“The challenges in technology are really in the blades because they have to get bigger – much faster than cells or spinners do – and they have to get lighter and less costly. We are providing aerospace quality for a commodity price,” he says.

MFG’s customers design most of their blades with E-glass fiberglass, but some request S-glass if they require more stiffness or strength. Although some turbine blade designers are now incorporating carbon fiber into their blades to improve stiffness, using the material causes additional challenges. “It has a much narrower window for manufacture, and it doesn’t like bending at all,” LaFrance adds. Carbon fiber is also conductive, making it more susceptible to lightning strikes, which are the most common source of blade damage.

Developing Design Tools

GE’s Global Research Lab’s research with composite blades in the aviation industry has informed its work in wind turbines. “We have developed manufacturing processes – an understanding of materials and materials’ behavior and design tools,” says Shridhar Nath, technology leader, composites.


Molded Fiber Glass Companies (MFG) now uses a Combi-Lift blade handling unit, which has reduced its blade handling time and cost by an average of 70 percent. The company uses the unit to transfer blades to trucks for transport to the field sites. Photo Credit: MFG

He notes that longer blades present logistical as well as materials challenges. As blade size increases, transportation costs become a larger factor. GE is investigating whether a two-piece blade would resolve some of those issues, but that would require blade manufacturers to find ways to join them in the field.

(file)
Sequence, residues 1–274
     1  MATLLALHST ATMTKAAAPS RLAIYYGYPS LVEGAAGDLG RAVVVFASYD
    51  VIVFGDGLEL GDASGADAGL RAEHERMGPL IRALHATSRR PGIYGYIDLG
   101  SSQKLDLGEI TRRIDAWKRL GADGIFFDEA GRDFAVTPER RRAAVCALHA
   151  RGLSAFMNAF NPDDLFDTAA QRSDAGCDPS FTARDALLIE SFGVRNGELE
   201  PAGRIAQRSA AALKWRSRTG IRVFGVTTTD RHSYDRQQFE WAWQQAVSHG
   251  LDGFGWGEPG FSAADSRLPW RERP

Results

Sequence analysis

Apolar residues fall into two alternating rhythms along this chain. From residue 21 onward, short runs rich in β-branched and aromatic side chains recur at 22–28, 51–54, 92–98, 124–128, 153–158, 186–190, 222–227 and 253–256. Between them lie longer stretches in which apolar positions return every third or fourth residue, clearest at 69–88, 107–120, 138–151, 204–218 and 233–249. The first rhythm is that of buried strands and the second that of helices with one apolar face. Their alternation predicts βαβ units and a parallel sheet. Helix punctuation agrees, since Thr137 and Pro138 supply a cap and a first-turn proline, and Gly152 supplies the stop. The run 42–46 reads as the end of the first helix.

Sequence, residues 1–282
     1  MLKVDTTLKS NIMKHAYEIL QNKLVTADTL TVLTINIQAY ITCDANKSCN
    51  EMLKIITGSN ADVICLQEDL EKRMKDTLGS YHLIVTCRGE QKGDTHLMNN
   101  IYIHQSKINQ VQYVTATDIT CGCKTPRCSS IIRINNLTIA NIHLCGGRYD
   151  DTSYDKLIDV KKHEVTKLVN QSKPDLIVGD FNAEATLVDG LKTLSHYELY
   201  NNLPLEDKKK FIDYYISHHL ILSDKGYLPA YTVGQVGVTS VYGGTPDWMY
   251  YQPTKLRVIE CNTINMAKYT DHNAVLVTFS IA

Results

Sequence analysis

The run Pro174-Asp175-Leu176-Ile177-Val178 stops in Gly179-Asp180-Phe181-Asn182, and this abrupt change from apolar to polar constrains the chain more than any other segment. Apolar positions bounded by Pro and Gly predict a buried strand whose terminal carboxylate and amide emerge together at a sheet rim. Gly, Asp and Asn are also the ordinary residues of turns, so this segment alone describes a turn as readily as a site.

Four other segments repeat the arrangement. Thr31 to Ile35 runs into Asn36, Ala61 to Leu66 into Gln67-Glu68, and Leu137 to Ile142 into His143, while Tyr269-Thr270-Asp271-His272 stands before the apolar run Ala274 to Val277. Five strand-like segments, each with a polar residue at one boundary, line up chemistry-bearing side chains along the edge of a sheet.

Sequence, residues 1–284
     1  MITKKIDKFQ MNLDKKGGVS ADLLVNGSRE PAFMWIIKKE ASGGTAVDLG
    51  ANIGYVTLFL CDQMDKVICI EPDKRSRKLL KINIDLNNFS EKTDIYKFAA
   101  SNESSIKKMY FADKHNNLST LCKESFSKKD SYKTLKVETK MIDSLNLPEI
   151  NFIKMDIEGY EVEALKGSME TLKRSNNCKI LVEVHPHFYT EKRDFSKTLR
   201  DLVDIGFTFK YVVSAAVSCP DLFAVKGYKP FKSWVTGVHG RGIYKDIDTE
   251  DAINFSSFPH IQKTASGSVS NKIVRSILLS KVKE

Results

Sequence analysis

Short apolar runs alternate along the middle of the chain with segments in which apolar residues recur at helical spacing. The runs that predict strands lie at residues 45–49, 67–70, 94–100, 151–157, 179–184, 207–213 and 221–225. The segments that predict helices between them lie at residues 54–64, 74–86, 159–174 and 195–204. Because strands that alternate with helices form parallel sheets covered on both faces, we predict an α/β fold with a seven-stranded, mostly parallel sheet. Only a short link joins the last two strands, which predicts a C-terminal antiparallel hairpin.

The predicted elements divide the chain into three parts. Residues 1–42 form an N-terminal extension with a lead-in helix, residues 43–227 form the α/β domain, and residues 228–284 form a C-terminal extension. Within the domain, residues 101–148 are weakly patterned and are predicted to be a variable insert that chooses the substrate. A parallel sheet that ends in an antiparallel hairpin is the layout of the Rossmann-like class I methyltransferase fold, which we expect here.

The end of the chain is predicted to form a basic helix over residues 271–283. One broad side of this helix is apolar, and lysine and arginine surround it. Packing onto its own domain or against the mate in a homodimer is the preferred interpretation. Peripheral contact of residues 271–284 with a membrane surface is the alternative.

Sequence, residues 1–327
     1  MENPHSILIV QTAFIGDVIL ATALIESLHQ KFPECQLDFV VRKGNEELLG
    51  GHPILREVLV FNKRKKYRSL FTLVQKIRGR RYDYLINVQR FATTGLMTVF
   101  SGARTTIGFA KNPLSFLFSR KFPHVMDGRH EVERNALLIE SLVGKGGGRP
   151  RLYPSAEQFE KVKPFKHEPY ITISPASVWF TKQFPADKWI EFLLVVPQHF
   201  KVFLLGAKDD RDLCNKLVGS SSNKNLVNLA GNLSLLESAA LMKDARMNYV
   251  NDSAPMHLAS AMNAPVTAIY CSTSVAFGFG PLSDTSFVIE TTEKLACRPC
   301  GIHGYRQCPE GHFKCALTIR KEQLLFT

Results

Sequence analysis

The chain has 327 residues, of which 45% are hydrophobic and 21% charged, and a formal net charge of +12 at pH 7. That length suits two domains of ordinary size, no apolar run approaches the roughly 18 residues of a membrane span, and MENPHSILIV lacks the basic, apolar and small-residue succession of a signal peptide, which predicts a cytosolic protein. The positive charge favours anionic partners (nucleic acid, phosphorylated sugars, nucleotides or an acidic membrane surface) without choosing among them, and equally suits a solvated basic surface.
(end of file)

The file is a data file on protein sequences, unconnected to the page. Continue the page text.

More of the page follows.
The manufacturing process for such blades would be slightly different. “For example, where do you break the blade up? It places more emphasis on the design aspect; we have to understand what are the loads, what is the wind regime, what are the mechanical issues or the structural issues that go into those?” says Nath. “Those are the challenges that we are addressing and that we are working toward resolving.”

GE is always looking at new glass fibers and resin systems that might reduce weight. “We have had a lot of experience with carbon with our aviation business, and carbon is one-third the density of glass, so certainly that becomes attractive. But it’s a lot more expensive,” he says. “So that’s the tradeoff. What is the investment, what is the value added, what are the tradeoffs between different material systems and design processes?” Another important consideration is the availability of a material, which means checking the supply chain to ensure that potential materials will be available in the quantities that GE requires.